Are you keeping up with the banking crisis in Cyprus? No?
Well let me try to make it more interesting to you.
Start by reading the piece in this month's Vanity Fair about the most expensive apartment building in London, One Hyde Park.
The key to understanding this project, where apartments can sell for dollar prices in the nine figures, is this one fact: almost none of the buyers are British.
Perhaps the most striking fact about One Hyde Park and the London super-prime property market is what it tells us about who the world’s richest people are. Many people think the greatest winners of globalization today are financiers. A decade or so ago, that may have been true. But today another class sits above even them—the global commodity plutocrats: owners of mineral rights, or dominant players in mineral-rich countries in sectors such as construction and finance that benefit from commodity booms. Hollingsworth notes in Londongrad that the oligarchs he studies became rich “not by creating new wealth but rather by insider political intrigue and exploiting the weakness of the rule of law.” Arkady Gaydamak, a Russian-Israeli oilman and financier, explained his elite view of accumulating wealth to me in 2005. “With all the regulations, the taxation, the legislation about working conditions, there is no way to make money,” he said. “It is only in countries like Russia, during the period of redistribution of wealth—and it is not yet finished—when you can get a result. . . . How can you make $50 million in France today? How?”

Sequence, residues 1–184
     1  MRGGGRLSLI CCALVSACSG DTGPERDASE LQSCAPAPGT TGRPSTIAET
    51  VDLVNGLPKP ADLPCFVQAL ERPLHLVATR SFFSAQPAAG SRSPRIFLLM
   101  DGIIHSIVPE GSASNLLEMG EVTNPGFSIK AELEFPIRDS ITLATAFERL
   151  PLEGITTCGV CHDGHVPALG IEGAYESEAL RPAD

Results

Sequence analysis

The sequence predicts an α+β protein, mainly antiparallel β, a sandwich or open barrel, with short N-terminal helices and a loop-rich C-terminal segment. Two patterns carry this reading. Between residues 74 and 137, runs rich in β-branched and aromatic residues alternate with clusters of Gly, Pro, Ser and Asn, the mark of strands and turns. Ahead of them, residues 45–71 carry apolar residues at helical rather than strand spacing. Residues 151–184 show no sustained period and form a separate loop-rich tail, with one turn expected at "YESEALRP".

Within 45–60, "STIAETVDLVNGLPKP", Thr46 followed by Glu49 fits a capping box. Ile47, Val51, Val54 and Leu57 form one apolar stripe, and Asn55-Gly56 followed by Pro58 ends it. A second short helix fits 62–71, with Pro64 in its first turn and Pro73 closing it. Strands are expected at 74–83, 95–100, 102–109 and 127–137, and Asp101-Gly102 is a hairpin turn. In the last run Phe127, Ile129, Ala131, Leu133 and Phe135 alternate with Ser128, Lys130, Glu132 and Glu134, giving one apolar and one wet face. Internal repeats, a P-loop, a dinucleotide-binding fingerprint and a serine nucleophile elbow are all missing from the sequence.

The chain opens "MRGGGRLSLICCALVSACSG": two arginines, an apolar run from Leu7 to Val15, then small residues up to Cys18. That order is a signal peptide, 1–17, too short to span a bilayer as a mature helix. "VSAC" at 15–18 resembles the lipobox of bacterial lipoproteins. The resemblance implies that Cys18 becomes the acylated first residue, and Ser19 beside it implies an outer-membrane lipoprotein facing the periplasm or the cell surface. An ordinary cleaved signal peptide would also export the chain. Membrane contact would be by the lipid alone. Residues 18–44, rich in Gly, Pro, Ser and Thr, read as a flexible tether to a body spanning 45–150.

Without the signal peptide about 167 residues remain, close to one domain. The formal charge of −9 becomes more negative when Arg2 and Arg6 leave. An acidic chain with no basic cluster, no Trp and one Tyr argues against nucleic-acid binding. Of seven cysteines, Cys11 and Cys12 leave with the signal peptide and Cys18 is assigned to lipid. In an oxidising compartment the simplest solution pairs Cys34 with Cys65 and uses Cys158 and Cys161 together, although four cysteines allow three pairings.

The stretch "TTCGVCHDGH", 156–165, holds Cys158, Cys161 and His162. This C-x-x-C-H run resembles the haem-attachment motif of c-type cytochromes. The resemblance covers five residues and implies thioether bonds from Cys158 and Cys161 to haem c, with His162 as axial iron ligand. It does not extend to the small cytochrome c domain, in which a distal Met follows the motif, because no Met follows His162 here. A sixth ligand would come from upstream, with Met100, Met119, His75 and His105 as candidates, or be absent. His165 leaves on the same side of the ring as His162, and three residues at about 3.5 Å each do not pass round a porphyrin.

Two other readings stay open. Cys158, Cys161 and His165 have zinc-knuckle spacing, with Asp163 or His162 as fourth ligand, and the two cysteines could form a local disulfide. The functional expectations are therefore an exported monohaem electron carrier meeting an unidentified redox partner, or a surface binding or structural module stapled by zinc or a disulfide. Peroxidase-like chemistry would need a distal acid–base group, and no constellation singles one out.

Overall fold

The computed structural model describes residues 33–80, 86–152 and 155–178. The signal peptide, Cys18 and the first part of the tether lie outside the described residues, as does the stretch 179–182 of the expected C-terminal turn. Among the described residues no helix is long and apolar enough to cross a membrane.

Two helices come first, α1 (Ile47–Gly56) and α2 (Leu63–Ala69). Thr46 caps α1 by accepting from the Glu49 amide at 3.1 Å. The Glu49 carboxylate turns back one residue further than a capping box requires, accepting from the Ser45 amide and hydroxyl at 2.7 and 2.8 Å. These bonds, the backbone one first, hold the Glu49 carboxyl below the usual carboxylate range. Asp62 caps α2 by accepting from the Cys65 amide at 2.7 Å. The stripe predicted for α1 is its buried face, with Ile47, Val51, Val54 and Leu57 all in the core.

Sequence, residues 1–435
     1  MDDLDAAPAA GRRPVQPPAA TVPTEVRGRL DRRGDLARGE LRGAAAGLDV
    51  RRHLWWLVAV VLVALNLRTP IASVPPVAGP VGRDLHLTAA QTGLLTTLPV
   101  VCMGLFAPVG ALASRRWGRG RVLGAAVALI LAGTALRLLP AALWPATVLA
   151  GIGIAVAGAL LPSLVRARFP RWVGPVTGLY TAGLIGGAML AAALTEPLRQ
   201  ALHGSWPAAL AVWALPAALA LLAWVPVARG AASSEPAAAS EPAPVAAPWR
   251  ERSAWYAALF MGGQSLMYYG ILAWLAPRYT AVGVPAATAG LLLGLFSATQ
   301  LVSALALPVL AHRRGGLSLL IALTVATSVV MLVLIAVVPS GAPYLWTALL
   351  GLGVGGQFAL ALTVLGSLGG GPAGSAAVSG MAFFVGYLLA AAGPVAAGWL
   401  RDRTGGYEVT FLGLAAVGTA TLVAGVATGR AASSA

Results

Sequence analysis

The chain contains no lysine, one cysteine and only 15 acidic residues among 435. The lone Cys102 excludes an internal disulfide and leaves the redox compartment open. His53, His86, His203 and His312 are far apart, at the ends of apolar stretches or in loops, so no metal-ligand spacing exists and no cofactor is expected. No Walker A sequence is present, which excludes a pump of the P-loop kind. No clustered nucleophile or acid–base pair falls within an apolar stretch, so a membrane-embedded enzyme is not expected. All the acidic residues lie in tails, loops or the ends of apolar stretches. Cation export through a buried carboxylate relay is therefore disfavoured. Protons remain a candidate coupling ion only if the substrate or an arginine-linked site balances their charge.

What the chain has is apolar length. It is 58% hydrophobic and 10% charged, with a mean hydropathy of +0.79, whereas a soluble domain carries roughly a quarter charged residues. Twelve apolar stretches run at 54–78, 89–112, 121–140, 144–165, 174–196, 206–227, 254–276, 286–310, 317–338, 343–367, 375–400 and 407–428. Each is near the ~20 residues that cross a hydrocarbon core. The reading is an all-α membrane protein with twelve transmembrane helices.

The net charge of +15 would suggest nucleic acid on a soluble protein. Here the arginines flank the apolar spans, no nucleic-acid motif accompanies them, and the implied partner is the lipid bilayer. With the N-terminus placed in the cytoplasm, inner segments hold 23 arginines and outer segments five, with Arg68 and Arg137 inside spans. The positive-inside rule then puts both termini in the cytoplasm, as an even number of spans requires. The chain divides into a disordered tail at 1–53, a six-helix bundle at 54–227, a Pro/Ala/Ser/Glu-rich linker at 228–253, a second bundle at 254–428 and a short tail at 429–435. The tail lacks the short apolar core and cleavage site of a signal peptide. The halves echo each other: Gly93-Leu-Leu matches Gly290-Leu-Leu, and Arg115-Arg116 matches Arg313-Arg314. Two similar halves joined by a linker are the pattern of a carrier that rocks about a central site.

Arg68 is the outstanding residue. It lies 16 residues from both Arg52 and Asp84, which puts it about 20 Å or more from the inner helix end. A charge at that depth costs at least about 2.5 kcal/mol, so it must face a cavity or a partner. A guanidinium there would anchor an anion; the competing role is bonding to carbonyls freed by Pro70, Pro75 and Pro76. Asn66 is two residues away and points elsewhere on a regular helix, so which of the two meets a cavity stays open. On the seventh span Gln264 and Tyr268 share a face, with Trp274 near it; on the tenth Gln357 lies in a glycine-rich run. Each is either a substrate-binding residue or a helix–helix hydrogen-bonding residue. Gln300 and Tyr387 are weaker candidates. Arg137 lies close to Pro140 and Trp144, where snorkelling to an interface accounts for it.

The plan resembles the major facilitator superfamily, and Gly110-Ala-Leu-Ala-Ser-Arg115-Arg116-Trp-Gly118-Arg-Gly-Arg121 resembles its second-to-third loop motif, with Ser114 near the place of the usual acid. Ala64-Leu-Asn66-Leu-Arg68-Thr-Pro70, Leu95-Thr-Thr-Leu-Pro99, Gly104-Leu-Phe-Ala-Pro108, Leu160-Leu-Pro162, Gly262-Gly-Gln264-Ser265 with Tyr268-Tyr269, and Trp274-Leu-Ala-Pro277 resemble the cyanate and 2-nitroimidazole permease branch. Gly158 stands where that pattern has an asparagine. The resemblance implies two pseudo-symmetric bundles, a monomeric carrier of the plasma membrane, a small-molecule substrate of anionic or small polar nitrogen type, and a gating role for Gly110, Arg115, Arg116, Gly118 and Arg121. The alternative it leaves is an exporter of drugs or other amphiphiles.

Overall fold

Russia’s former privatization czar Anatoly Chubais put it less delicately: “They steal and steal. They are stealing absolutely everything.”
Now to Cyprus.
The island of Cyprus is home to about 1.1 million people, or about the population of Fairfax County, Virginia. This smallish jurisdiction is home to one of the world's largest banking industries, holding deposits equal to eight times Cyprus's GDP. Where'd that money come from?
The short answer is: the same places as comes the money to purchase the apartments at One Hyde Park.
This kind of money does not arrive uninvited. Britain has chosen to make itself a tax haven for dirty money. Cyprus has chosen to allows its banks to act as global money launderers. When deciding how much hardship to impose on ordinary EU or British taxpayers, it needs to be kept very much in mind for whose benefit is the hardship being imposed.